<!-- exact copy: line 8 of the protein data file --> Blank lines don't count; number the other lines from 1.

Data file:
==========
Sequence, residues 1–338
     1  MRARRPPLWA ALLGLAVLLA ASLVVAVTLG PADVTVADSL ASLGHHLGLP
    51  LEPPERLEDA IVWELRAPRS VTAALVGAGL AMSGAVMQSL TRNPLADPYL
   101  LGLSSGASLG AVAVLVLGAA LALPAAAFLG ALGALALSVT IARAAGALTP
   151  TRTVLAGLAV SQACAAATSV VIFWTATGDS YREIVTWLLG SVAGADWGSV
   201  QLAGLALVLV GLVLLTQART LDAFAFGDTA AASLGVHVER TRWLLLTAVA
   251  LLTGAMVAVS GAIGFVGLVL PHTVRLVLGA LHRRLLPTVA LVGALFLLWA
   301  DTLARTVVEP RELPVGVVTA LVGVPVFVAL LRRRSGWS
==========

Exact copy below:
   301  DTLARTVVEP RELPVGVVTA LVGVPVFVAL LRRRSGWS